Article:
Populus 2.10, August 1992 Overview The Populus software contains a set of simulation models that we use in teaching population biology and evolutionary ecology at the University of Minnesota. All of the simulations share a common format, as follows: After a model is chosen from the menu, the program displays (optionally) several screens of background material which introduce the mathematics and end with basic references. Next, there is a screen listing all of the input parameters; students can move among the parameter boxes and change initial defaults to values of their own choosing. The program maintains a record including permissible maxima and minima for each parameter and filters input values accordingly. Usually there are several possible outputs (e.g., N vs T graphs and phase planes) which can also be selected from the parameter input screen; alternatively, students view the different outputs in sequence, by pressing the space bar between views. Context-sensitive help screens are available (press ) from the input and output screens of every model, and by pressing twice one can see a menu of additional help screens which includes discussions of function and editing key assignments implemented by the program, printing protocols, video options, etc. Hardware Requirements The program is written in Turbo Pascal to run under DOS on IBM and compatible computers. To implement the full range of Populus features, about 500KB of RAM are necessary, free of memory-resident utilities and drivers. The program will use LIM expanded memory, reducing the frequency of disk reads and speeding program execution. Although the code will emulate an xx87 coprocessor if one is not present, many of the models are computationally intensive and will run much more rapidly on a machine with the floating-point chip. Since overlays are read during program execution, the program files (populus.exe, populus.ovr and populus.txt) should be copied to a hard disk (or a RAM disk emulator). If this is not possible, the program will run from two 720K (or larger) diskette drives, and will prompt users for a path to the Populus.ovr file. Version 2.10 will run on any IBM-compatible video system which permits graphic displays, including "Hercules," "CGA," "EGA," "VGA," and "IBM8514." In most cases, the software will recognize and accommodate your video system automatically. If your display emulates one of the color systems in shades of gray (as many LCD screens do, with varying success), consider using the option which forces output to the monochrome mode. The IBM8514 system is detected as VGA by Turbo Pascal; IBM8514 users who desire full 1024x768 resolution (beautiful!) can select that video mode from the Populus Options Menu (Alt-O) and save a populus.cfg file to disk so that their preferred configuration loads automatically each time the program is run. Populus 2.10 contains a set of commercially produced drivers by Ryle Design that supports a wide variety of printers, including 9-pin and 24-pin dot matrix printers, HP laserjets and deskjets, the HP paintjet, and printers implementing the Postscript page-description language. Print files may also be saved to disk and sent to the printer later using the DOS Print command. Set the appropriate printing configuration on the Populus options menu. Note that Postscript supports graphics-mode printing only. Our introductory narratives and all outputs are rendered in graphics mode, but the parameter inputs and help windows are text mode screens. To print them on a postscript laser printer you will have to set it up as an HP emulator. Bells and Whistles For many problems and exercises it is desirable that students be able to read numerical values accurately from the graphical output. We have included several new video routines for this purpose. A gridding function (press ) plots horizontal and vertical lines from the major axis ticks, and a second grids the minor ticks. A third press toggles the feature off. Our video zooming function (press ) pops up a rectangle whose corners can be moved (with the cursor keys) to any point on screen. Pressing then zooms this new rectangle to full-screen size. By zooming in on an interesting equilibrium region and gridding the output, final frequencies can be read with any desired degree of accuracy. For many time trajectories of ecological dynamics, comparison of arithmetic and logarithmic plots has pedagogical value. Populus plots arithmetic time trajectories by default but allows you to toggle a semi- logarithmic plot (press ). Like other video utilities in Populus, the feature is turned off (and the screen-bottom options line is cleared) with the same keystrokes that turned it on. Populus models that display in the lower-right corner of their input window include a routine that allows on-screen comparison of outputs resulting from two different sets of parameter values. To implement this feature, simply toggle . Graphical output from the current parameter values will be plotted in the normal colors, while output of the previous run will be shadowed in black. A second press of toggles the graphical comparison routine off. Stability analyses are important in helping students to understand the dynamics of ecological and evolutionary models, and we have provided a rich set of stability tools in Populus. Many of the genetical simulations begin from several different starting gene frequencies automatically. Optional stability analyses are also available with the phase-plane graphs of ecological dynamics. To implement this feature, press after a phase diagram is complete; a cursor will pop up and can be moved to any point on the screen. Pressing will then initiate a trajectory from that point, and the dynamics can be run forward or backward. Alternatively, multiple-starting-point stability analyses may be run by pressing after . The program will then initiate trajectories from the perimeter or from a gridded pattern of points (the number and position of starting points is set from the options menu) to illustrate the stability of internal equilibria. In addition to these video utilities, Populus now includes several file- handling routines. Output data from any of the simulations can be saved to disk for analysis using a spreadsheet, statistical package, or graphics editor. To do so, call up the options menu after running your simulation, and specify a path and name for your data file. Similarly, Populus can save to disk and reload sets of model parameter values; you might use this feature to save a series of parameter files that show particularly instructive examples, and ask your students to load, run, and analyze them as part of a lab exercise. Finding Documentation This file contains only a brief introduction to Populus. Full descriptions of each feature and a listing of the keystrokes necessary to call and implement it are built into the program, and are accessible from the Main Help Menu. To see this menu, press (or if you are already in one of the model parameter or output screens, press twice, to get past the context-sensitive help). We recommend a tour of the Main Help Menu as the quickest way to familiarize yourself with the capabilities of Populus. Sponsorship and Distribution This software has been underwritten by IBM, the University of Minnesota, and the Undergraduate Course and Curriculum Development Program of the National Science Foundation (USE-9150887, USE-919155967); it is not a commercial venture and we encourage you to distribute it without charge to any colleague or student who will put it to good use. If you find a bug please tell us. We will fix it and provide you with an update. Don Alstad Department of Ecology, Evolution & Behavior University of Minnesota 318 Church St. SE Minneapolis, MN, USA 55455-0302 612-625-0488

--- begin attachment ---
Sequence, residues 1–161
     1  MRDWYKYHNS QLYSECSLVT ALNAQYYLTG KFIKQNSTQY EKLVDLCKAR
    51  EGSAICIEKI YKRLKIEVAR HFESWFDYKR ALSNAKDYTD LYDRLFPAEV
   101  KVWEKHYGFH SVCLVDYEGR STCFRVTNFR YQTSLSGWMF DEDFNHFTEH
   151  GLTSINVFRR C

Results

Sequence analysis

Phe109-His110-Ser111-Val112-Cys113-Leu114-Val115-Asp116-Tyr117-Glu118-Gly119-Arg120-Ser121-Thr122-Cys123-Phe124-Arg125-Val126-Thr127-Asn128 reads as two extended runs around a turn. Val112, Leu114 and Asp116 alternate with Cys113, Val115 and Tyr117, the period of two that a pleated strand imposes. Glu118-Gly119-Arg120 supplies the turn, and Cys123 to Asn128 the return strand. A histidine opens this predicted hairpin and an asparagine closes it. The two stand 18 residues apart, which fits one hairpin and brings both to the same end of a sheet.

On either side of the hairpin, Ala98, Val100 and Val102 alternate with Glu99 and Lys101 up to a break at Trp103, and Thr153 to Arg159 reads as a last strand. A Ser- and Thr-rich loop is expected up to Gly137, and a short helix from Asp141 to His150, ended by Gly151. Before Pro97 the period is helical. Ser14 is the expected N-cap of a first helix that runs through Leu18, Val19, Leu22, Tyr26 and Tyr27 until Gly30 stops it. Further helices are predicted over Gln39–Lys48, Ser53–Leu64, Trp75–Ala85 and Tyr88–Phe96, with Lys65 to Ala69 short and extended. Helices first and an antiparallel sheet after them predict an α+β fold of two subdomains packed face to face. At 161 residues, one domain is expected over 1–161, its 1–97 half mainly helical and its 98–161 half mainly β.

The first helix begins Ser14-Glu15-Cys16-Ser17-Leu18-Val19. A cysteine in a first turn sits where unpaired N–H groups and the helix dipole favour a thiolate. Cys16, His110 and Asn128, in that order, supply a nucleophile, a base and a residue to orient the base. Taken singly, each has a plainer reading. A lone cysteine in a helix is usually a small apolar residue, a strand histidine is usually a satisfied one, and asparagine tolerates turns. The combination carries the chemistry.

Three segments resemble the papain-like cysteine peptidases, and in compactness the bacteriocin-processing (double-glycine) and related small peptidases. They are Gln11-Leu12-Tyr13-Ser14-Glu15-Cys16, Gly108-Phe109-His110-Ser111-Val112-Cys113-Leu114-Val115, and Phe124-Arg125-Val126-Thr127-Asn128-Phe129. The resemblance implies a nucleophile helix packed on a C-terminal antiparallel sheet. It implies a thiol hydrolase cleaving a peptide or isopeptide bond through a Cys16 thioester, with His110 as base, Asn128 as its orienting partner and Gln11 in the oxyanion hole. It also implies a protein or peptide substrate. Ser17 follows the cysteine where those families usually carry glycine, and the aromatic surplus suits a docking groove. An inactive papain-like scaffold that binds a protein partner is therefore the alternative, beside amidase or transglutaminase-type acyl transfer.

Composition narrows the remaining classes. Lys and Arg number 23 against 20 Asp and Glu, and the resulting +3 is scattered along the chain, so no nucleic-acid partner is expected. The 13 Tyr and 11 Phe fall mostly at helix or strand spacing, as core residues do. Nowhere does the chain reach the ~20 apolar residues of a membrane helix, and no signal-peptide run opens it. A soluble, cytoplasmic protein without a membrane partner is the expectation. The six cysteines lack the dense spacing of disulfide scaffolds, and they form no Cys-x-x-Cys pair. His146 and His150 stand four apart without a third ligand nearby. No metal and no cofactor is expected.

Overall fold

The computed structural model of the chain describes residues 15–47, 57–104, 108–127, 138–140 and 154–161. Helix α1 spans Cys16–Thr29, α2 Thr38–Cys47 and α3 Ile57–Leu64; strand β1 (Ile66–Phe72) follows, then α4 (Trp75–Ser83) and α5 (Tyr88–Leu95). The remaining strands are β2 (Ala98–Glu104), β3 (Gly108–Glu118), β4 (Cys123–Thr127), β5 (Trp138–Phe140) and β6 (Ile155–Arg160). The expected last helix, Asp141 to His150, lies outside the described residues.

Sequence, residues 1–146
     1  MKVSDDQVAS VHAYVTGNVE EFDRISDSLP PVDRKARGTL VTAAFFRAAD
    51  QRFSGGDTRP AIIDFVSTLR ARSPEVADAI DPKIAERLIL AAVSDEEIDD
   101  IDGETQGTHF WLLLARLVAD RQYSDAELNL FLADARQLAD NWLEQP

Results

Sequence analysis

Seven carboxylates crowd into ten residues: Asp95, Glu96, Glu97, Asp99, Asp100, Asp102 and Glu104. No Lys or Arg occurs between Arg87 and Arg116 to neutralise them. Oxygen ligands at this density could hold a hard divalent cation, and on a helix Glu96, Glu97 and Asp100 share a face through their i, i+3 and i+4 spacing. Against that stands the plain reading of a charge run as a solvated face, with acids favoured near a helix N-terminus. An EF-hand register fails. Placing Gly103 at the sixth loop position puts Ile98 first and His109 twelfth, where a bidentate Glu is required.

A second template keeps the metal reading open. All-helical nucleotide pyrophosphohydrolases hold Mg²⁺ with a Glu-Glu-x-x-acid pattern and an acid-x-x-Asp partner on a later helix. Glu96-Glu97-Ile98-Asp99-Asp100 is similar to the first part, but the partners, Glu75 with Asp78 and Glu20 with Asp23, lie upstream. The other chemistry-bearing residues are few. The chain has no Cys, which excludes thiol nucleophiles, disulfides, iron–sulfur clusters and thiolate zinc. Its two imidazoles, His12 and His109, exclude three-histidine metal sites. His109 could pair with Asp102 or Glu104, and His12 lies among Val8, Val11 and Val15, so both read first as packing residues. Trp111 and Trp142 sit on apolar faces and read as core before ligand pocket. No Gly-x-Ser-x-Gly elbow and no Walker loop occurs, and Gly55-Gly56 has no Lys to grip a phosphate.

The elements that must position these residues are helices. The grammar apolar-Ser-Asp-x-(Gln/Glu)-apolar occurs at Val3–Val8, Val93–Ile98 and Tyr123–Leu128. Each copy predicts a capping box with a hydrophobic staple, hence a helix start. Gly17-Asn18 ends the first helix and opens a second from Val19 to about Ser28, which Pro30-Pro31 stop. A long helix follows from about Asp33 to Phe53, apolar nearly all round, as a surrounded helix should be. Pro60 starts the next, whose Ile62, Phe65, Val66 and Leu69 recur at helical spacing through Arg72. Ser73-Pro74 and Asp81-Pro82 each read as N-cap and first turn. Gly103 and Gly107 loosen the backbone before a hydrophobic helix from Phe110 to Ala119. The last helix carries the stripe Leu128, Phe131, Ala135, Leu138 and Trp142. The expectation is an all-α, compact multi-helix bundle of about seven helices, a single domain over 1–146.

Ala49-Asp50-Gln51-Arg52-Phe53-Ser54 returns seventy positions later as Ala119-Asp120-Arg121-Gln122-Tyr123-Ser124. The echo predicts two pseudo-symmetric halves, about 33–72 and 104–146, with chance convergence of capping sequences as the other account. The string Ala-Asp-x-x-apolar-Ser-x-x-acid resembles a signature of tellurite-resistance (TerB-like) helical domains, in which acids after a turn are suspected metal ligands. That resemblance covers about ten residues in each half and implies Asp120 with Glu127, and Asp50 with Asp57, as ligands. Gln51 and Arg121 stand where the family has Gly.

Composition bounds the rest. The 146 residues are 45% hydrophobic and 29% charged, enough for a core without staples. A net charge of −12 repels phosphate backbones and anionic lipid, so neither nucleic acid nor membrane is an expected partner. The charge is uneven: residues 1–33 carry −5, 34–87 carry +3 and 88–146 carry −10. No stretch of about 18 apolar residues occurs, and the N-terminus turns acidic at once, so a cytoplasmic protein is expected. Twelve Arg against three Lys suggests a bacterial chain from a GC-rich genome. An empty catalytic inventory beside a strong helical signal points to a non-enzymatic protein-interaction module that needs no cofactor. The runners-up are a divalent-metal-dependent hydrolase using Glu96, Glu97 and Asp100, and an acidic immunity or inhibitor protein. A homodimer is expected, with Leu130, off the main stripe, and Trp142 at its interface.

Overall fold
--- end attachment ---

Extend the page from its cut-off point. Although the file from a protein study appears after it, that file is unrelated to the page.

E-Mail Fredric L. Rice / The Skeptic Tank